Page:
24 Jan 2018

CT scan could have prevented man's death

9:45 am on 24 January 2018

A coroner has castigated Otago health bosses for failing to bring in round-the-clock scanning that could have saved a Wanaka man's life.

A woman goes through a CT scan.

Photo: 123RF

Warren Bates, 45, suffered severe head injuries falling down the stairs at his home in early 2015.

The accident happened during the weekend, when Dunstan Hospital's CT scanner was not running, so staff did not pick up the severity of Mr Bates' injuries.

There is still no such scanner at the area's other hospital in Queenstown, despite years of debate about providing one.

Doctors told an inquest thay had expected an urgent helicopter flight to transfer Mr Bates to Dunedin, and St John did at one stage offer a helicopter.

Instead, Mr Bates spent a night under observation, and an ambulance was held up when the driver got a flat tyre coming in to work.

On the way to Dunedin, Mr Bates had a seizure in the ambulance in a mobile coverage "black hole" with only a nurse and the driver on hand. He died soon after.

Doctors have since agreed his death "could have been prevented" by a scan at Dunstan or immediate transfer to Dunedin.

"It is unacceptable that 24-hour CT services are not available at Dunstan Hospital, particularly in light of its setting in an area of rapid population growth and tourist activities carrying a high risk of head injuries," coroner Anna Tutton said in her findings.

More than two years later, Dunstan still could not do CT scans on weekends or after 8pm on weekdays, she said.

Neurosurgeon Reuben Johnson, who worked in Dunedin at the time of the death, wrote a report on the case, which he said showed up the region's problems dealing with trauma.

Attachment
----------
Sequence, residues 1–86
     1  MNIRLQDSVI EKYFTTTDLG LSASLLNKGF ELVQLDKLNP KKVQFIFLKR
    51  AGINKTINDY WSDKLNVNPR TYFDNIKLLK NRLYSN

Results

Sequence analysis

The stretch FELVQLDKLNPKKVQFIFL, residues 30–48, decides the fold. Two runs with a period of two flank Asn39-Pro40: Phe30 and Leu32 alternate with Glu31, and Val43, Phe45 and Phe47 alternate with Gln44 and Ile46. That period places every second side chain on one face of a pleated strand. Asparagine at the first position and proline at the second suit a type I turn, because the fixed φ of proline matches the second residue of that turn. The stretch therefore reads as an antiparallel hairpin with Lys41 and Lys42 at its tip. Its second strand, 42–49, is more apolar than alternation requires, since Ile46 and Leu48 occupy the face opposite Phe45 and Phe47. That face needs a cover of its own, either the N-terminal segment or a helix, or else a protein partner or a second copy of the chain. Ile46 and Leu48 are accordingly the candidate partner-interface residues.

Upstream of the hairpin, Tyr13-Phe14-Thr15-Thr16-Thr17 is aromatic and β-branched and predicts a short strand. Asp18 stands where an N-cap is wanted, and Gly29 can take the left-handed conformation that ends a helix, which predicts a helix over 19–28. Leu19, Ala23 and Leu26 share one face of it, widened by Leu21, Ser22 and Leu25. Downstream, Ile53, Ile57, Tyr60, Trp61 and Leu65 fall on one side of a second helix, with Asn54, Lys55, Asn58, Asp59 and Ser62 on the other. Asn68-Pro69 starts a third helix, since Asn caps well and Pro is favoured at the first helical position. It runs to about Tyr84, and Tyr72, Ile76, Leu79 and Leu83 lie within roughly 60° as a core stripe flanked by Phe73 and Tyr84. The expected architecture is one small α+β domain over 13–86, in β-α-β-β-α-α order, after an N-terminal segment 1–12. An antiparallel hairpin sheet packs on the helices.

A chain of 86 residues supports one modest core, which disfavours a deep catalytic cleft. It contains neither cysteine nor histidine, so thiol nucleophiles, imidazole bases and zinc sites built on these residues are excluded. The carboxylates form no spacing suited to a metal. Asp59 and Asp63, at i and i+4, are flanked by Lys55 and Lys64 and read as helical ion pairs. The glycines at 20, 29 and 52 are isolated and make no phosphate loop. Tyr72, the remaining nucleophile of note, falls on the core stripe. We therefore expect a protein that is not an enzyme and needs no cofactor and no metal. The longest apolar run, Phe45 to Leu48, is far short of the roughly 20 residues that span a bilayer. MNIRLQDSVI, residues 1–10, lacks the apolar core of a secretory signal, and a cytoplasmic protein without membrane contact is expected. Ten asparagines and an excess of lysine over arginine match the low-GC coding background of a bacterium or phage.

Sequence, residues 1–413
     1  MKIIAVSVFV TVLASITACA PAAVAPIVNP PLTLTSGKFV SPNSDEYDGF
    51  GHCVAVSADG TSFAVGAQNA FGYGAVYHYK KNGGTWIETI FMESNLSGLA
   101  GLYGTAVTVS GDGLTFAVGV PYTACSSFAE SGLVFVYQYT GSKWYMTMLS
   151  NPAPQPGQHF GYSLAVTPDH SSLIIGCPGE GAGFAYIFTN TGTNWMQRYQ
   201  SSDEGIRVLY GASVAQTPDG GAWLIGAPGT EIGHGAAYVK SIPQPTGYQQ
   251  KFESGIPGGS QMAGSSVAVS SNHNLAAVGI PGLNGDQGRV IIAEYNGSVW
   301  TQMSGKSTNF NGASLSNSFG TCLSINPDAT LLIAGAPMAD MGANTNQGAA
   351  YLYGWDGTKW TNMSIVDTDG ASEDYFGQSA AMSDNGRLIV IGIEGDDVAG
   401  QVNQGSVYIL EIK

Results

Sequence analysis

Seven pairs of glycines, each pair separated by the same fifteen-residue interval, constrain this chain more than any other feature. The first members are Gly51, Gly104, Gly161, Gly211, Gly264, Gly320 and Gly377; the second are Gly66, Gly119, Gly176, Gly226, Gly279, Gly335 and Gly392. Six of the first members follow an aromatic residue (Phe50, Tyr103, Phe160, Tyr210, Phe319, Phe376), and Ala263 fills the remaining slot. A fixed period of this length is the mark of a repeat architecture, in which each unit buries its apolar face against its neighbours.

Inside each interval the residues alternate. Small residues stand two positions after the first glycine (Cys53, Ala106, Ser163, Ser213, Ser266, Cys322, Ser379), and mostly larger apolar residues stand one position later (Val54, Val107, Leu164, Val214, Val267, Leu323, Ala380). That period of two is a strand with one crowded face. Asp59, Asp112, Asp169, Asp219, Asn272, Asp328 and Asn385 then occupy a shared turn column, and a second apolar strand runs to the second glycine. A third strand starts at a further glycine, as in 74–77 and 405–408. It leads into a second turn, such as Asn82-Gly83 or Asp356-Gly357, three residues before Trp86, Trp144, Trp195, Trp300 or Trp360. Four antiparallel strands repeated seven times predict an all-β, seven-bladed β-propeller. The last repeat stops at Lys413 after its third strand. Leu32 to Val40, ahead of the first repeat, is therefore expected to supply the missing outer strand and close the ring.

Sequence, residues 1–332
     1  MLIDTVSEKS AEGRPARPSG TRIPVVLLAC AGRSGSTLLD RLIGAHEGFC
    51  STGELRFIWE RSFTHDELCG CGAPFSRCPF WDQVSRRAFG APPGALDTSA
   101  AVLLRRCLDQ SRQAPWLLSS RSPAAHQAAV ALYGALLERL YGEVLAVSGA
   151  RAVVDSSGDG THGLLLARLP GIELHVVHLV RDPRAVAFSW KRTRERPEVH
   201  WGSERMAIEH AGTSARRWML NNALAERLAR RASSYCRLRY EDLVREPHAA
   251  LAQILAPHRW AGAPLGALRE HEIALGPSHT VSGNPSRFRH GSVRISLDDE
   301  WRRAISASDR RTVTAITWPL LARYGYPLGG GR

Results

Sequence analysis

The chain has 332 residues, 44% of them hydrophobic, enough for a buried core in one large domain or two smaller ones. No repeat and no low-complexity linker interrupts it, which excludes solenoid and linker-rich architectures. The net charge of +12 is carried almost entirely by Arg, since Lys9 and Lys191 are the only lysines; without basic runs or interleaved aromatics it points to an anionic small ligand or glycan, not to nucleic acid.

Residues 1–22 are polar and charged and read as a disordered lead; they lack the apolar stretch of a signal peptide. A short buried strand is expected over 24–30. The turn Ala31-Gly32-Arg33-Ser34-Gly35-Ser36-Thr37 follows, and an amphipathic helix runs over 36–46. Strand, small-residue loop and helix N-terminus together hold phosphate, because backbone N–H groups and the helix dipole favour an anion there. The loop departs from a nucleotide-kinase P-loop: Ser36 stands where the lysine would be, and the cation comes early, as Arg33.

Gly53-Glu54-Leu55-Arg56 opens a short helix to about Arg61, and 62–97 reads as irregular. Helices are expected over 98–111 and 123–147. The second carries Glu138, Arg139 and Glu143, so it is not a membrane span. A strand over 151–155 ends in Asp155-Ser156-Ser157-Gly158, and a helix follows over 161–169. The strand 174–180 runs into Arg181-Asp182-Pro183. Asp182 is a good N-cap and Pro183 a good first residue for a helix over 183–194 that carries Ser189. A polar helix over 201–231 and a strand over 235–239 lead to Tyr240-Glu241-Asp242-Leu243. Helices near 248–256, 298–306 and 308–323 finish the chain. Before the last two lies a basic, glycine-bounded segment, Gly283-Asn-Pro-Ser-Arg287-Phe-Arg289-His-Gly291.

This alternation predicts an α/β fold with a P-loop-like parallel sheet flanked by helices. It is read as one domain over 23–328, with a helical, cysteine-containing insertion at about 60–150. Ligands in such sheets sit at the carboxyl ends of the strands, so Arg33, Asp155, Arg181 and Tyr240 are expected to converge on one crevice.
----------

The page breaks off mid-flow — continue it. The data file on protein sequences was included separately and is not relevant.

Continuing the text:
A CT scan at Dunstan would have saved Mr Bates' life, he told RNZ.

"CT scanning, particularly for trauma, is essential to get a diagnosis and a management plan in place," he said.

"So if it's not available at nights or the weekend that puts an extra strain on local services on making decisions, particularly in regard the transfer of patients."

At th time of the inquest, Southern District Health Board chief medical officer Nigel Millar told the coroner plans were under way for a CT scanner in Queenstown but it could not be justified at Dunstan Hospital.

"Put simply, money spent on enabling 24/7 CT services at Dunstan Hospital will take money away from a service somewhere else," he said.

However, since the inquest, the DHB has changed tack.

Dunstan Hospital general manager Karyn Penno said she now expected Dunstan to have 24/7 CT scanning by the middle of the year.

She was employing and training the staff needed to get that done.

The coroner recommended all the agencies involved improve their plans for transferring patients.

Dr Millar said the DHB had already implemented that recommendation.

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